In lieu of an abstract, here is a brief excerpt of the content:

  • “A Grave Experiment”: Emma Wolf’s Marriage Plots and the Deghettoization of American Jewish Fiction
  • Lori Harrison-Kahan (bio)

Most scholars of American literary history are familiar with William Dean Howells’s championing of ghetto fiction, especially the work of immigrant writer Abraham Cahan, for the way such writing exemplified the aesthetic principles of realism. For Howells, writers of “the Hebraic school” such as Cahan displayed an “instinct for reality,” and the streets of New York provided them with raw material that lent itself well to being rendered in gritty detail.1 The fiction of ghetto writers succeeds because they “persuade us that they have told the truth,” explained Howells.2 Yet scholars have paid considerably less attention to realist Jewish American writers whose work is set outside the ghetto. This essay focuses on one such writer, Emma Wolf, whose novels about middle-class Jewish life in late nineteenth-century San Francisco offer important alternatives to the ghetto genre, demonstrating not only the diversity of the Jewish experience in the United States, but also the diverse ways that Jewish writers have contributed to understandings of race, ethnicity, and religion in American culture.

Despite Howells’ praise of ghetto fiction, the genre had its fair share of detractors in its day. In both the mainstream and Jewish press, critics accused Jewish writers of sacrificing truth for caricature and exoticism [End Page 5] in their depictions of ghetto life, betraying their own people as well as the very principles of realism that Howells extolled. The debate about whether or not the ghetto was a fit subject for literary art initially came to a head over the publication of Cahan’s 1896 novella Yekl: A Tale of the New York Ghetto and the 1899 play Children of the Ghetto, an adaptation of the novel by British writer Israel Zangwill, whose stories of the London ghetto and subsequent drama about American immigrants, The Melting Pot (1908), profoundly influenced many Jewish American writers.3 The dissenters were largely upper-class Jews from German and Sephardic backgrounds who wanted to distance themselves from their newly arrived, Eastern European co-religionists and who feared that they would be associated with such lowly literary representations of the ghetto Jew, with his broken English, unrefined manners, and outdated traditions. In the American Israelite, for instance, Julius Wise, a prominent Chicago physician who wrote under the pseudonym “Nickerdown,” issued a scathing attack on Cahan, accusing him of “intentionally exaggerat[ing] what is worst among his own class of people,” labeling him “a scoundrel [who lies] for the sake of a few dollars,” and calling for a boycott of magazines that publish his “vile lucubration.”4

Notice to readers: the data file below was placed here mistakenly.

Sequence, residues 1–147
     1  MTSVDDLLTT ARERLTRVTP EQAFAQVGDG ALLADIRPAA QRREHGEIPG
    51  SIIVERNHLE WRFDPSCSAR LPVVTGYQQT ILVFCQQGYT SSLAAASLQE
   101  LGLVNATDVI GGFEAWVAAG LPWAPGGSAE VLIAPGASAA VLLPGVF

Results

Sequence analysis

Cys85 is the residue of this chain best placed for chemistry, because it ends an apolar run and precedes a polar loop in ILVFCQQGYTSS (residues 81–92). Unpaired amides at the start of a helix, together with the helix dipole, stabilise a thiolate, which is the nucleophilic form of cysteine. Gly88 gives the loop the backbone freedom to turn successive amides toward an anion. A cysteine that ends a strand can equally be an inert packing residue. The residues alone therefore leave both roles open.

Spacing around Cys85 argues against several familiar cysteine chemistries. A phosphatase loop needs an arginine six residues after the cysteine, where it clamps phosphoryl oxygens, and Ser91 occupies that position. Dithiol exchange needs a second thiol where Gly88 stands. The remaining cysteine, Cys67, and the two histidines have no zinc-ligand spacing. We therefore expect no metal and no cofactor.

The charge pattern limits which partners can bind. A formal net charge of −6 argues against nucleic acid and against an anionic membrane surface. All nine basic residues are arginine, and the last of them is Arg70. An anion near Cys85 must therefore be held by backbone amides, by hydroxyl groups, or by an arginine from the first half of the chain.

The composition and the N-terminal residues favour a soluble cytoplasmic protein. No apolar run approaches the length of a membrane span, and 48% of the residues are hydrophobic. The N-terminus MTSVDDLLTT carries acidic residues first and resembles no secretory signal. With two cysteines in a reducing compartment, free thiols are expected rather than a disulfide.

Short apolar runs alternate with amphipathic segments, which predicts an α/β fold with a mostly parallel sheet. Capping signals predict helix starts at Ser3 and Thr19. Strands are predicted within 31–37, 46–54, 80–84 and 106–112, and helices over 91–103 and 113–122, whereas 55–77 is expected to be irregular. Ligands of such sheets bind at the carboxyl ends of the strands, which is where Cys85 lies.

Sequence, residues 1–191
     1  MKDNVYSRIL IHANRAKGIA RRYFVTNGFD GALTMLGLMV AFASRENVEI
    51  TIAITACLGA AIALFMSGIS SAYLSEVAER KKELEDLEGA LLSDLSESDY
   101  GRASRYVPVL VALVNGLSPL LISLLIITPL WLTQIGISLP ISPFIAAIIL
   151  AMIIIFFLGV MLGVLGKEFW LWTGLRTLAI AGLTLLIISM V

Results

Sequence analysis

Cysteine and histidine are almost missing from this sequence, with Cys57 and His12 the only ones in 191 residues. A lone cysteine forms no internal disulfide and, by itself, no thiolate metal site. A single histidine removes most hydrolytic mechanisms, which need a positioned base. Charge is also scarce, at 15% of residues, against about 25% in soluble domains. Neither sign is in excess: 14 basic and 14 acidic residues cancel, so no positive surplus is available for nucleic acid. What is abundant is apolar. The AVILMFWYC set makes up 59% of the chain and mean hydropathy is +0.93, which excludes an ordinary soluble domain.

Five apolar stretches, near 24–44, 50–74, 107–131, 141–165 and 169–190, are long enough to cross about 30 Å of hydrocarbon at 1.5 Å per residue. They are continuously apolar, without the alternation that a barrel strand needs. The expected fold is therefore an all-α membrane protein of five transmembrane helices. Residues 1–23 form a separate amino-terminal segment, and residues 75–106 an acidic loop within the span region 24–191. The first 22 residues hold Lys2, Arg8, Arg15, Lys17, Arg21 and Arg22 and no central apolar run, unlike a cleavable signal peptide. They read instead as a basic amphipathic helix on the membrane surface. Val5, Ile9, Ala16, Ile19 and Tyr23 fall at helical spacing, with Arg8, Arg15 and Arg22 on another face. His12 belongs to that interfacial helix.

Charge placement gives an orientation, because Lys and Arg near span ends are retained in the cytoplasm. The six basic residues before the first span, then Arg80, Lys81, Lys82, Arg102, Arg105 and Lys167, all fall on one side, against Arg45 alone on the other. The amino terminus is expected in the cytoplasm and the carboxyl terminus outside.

A more measured critique came from the pen of writer Annie Nathan Meyer. A Sephardic Jew who dated her family’s American heritage back to the Revolution, Meyer was a public advocate of women’s education and other causes, well known in philanthropic circles for her role in raising the funds to start Barnard College. While acknowledging the “genius” of Zangwill and Cahan, Meyer summarized the concerns of her affluent, professional class in this way:

They realize perfectly that the foreign-looking, strange-speaking Hebrew of the Ghetto, with Talmudic lore at the end of his tongue, and a frayed talith at the end of his shoulder, is infinitely better “copy” than the Talmudically ignorant Americanized Hebrew, who drives in his automobile or sits with his Gentile brethren on charitable boards and missions. The Americanized Hebrew is growing a little tired of this reiteration of the Ghetto type which the Gentile world find so interesting within the covers of a book. After all, when the good American used to be piqued because the cowboy filled the horizon of literary London, it was given him to point to some novels dealing with the average American banker who prefers to take his promenades without his six-shooter. But to the Americanized Hebrew is denied in toto the luxury of pointing to any literature that pretends to describe him seriously . . . [End Page 6] [T]here is implanted in the breast of the Jew, quite as well as in the breast of his Gentile brother, the . . . desire to hold up...

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Additional Information

ISSN
1086-3141
Print ISSN
0164-0178
Pages
pp. 5-34
Launched on MUSE
2017-01-06
Open Access
No
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